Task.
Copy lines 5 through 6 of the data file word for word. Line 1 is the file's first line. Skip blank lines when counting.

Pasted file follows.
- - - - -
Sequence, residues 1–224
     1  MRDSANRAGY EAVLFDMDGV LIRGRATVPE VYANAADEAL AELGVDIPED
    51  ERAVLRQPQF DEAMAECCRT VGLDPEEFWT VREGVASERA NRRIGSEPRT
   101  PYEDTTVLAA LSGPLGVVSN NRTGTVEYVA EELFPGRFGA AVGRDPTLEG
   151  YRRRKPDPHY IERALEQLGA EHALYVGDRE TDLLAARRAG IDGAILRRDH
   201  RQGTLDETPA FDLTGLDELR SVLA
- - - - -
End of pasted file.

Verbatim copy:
   151  YRRRKPDPHY IERALEQLGA EHALYVGDRE TDLLAARRAG IDGAILRRDH
   201  RQGTLDETPA FDLTGLDELR SVLA